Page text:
Michael Gallagher is a musician and Human Geographer. He has been interested in the use of Sound methods as a way of exploring spaces. He thinks that while Social Scientists often use sound recordings for interviews, much more awareness is needed to appreciate how sound can offer rich perceptions of place:
Recently he has been exploring a modernist ruin in Scotland, and was interested in the haunting qualities of the sonic experience in that site. He created an audio drift blending sounds recorded in and around the ruin with interviews about the site. The work was designed to be listened to on portable MP3 players whilst walking around the site. In situ, the drift amplifies the uncanny, ghostly feel of the place. He has written about this project here.
Michael has also been developing methods to analyse field recordings, inspired by the sound transcripts of Australian geographer Michelle Duffy. His approach, developed with fellow geographers Anja Kanngieser and Jonathan Prior, involves using different kinds of listening to explore the full sonic experience: for example, listening for the causes of sounds, their timbral qualities, the associations they invoke, the feelings they evoke, their spatialities and so on, moving between these different listening modes rather than trying to separate them:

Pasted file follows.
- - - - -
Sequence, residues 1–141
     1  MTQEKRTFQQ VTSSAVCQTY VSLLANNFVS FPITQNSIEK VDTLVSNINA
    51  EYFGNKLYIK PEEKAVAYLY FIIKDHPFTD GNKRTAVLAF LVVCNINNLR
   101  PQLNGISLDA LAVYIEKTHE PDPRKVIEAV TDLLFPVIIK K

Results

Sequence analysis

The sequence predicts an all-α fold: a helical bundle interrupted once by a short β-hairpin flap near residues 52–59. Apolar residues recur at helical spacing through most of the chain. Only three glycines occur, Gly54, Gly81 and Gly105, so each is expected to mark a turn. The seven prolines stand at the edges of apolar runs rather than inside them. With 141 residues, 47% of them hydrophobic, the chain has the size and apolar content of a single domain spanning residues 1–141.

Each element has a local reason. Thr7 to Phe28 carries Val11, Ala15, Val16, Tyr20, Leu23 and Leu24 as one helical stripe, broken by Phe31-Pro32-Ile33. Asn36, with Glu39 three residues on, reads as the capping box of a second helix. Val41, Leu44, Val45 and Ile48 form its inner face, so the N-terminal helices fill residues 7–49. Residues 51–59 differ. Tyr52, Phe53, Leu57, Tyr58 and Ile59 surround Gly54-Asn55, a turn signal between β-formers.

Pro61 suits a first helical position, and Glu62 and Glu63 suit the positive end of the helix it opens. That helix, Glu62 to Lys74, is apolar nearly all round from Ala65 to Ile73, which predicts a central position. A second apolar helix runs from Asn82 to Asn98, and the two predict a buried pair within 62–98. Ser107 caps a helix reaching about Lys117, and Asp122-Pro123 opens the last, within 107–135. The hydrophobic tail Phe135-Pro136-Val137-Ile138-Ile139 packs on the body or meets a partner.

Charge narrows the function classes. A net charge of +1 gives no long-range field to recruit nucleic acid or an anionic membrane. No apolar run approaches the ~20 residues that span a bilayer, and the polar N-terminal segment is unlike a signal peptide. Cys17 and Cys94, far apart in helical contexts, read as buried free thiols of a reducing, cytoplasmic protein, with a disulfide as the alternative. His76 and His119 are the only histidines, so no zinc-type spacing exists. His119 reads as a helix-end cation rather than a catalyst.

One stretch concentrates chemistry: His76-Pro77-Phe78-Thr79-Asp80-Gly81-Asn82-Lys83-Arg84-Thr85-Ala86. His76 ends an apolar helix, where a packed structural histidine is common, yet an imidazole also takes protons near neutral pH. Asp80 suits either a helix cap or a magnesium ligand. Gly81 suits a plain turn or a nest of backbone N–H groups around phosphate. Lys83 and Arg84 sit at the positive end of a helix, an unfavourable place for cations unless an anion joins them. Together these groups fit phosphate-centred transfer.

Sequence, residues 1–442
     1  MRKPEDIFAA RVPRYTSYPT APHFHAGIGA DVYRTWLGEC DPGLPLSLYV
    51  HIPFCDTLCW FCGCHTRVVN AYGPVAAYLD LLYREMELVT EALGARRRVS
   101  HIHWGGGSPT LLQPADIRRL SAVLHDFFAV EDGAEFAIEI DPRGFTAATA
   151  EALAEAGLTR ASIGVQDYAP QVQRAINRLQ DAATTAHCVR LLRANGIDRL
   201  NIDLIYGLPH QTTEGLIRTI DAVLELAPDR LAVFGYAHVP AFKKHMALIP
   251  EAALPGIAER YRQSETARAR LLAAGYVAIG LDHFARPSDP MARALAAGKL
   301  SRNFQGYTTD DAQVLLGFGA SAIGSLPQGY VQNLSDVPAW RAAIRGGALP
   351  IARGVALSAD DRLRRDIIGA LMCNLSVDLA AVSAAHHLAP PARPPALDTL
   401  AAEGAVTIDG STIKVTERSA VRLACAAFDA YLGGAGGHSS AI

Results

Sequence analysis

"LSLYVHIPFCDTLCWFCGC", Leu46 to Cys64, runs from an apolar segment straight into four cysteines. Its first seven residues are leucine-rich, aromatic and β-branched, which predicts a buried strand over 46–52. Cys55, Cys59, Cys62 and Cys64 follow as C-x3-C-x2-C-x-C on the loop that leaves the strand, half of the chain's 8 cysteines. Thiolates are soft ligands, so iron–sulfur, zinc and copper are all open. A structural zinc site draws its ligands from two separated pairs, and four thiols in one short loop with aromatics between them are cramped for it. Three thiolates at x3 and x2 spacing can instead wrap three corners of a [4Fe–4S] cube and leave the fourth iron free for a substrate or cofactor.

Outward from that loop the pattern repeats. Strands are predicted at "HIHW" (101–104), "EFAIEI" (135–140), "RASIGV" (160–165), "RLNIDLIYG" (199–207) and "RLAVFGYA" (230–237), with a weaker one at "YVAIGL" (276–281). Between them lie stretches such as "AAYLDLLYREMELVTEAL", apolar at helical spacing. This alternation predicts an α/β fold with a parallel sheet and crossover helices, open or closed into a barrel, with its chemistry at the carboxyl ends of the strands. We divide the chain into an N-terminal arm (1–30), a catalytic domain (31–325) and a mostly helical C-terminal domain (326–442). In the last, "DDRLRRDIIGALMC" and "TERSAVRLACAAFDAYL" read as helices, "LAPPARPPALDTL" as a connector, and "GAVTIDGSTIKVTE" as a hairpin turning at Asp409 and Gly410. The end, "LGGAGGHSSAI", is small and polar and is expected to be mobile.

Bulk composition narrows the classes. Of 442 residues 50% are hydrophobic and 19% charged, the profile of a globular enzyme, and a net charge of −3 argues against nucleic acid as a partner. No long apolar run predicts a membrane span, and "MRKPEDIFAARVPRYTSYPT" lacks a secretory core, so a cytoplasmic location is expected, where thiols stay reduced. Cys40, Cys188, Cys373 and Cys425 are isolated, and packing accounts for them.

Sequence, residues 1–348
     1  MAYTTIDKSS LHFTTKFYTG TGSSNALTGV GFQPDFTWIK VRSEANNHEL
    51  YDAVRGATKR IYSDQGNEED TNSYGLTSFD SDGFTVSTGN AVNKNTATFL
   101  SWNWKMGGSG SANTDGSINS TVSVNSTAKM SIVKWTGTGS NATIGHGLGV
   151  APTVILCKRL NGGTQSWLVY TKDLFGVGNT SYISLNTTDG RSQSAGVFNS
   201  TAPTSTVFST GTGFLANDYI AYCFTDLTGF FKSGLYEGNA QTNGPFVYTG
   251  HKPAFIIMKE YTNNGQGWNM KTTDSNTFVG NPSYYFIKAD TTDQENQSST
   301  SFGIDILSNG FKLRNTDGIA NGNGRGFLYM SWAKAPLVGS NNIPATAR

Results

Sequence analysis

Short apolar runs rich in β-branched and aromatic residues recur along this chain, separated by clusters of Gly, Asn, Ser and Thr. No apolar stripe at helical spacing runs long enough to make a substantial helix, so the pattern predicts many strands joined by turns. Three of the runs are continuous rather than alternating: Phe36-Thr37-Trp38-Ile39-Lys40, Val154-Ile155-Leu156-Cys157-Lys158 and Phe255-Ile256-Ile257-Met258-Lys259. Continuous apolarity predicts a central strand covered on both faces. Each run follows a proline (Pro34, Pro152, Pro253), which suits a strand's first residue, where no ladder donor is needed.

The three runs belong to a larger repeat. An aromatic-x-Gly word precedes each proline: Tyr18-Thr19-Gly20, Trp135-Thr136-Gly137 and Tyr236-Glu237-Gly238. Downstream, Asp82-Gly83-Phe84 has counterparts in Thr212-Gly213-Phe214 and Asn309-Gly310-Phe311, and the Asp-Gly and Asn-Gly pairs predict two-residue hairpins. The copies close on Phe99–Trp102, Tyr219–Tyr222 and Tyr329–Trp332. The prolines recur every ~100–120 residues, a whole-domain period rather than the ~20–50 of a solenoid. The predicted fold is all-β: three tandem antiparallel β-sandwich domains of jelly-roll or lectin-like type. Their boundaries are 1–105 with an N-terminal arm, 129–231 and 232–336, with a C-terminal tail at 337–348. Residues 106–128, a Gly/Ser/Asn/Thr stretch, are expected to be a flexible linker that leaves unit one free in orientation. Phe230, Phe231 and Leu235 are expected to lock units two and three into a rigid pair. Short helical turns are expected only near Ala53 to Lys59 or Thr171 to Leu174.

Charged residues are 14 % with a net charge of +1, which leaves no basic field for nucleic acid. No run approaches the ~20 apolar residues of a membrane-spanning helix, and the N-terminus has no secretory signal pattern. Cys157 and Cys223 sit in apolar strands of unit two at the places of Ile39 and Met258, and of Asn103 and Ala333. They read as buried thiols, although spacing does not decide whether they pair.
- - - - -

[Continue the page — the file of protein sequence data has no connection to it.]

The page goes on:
Michael has a blog where he documents some of his research with sound and on other themes: www.michaelgallagher.co.uk
Do you identify with Michael’s practices and issues? What are your own experiences, issues and needs when working with sound methods?
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